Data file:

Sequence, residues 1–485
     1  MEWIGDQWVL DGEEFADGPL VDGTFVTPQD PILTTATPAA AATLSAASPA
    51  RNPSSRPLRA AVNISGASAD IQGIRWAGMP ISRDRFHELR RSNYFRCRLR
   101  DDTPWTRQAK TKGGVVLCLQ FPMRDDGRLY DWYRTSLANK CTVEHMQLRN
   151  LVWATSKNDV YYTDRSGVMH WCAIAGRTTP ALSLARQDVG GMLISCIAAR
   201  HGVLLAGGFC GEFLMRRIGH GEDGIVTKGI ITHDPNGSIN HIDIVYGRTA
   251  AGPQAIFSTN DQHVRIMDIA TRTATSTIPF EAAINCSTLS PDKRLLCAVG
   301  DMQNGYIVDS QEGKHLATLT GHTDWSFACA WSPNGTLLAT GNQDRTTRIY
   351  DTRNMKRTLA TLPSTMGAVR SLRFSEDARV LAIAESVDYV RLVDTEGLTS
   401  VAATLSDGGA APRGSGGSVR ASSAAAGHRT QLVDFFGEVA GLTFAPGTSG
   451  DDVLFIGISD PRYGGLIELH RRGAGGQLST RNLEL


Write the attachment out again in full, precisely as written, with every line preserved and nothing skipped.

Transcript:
Sequence, residues 1–485
     1  MEWIGDQWVL DGEEFADGPL VDGTFVTPQD PILTTATPAA AATLSAASPA
    51  RNPSSRPLRA AVNISGASAD IQGIRWAGMP ISRDRFHELR RSNYFRCRLR
   101  DDTPWTRQAK TKGGVVLCLQ FPMRDDGRLY DWYRTSLANK CTVEHMQLRN
   151  LVWATSKNDV YYTDRSGVMH WCAIAGRTTP ALSLARQDVG GMLISCIAAR
   201  HGVLLAGGFC GEFLMRRIGH GEDGIVTKGI ITHDPNGSIN HIDIVYGRTA
   251  AGPQAIFSTN DQHVRIMDIA TRTATSTIPF EAAINCSTLS PDKRLLCAVG
   301  DMQNGYIVDS QEGKHLATLT GHTDWSFACA WSPNGTLLAT GNQDRTTRIY
   351  DTRNMKRTLA TLPSTMGAVR SLRFSEDARV LAIAESVDYV RLVDTEGLTS
   401  VAATLSDGGA APRGSGGSVR ASSAAAGHRT QLVDFFGEVA GLTFAPGTSG
   451  DDVLFIGISD PRYGGLIELH RRGAGGQLST RNLEL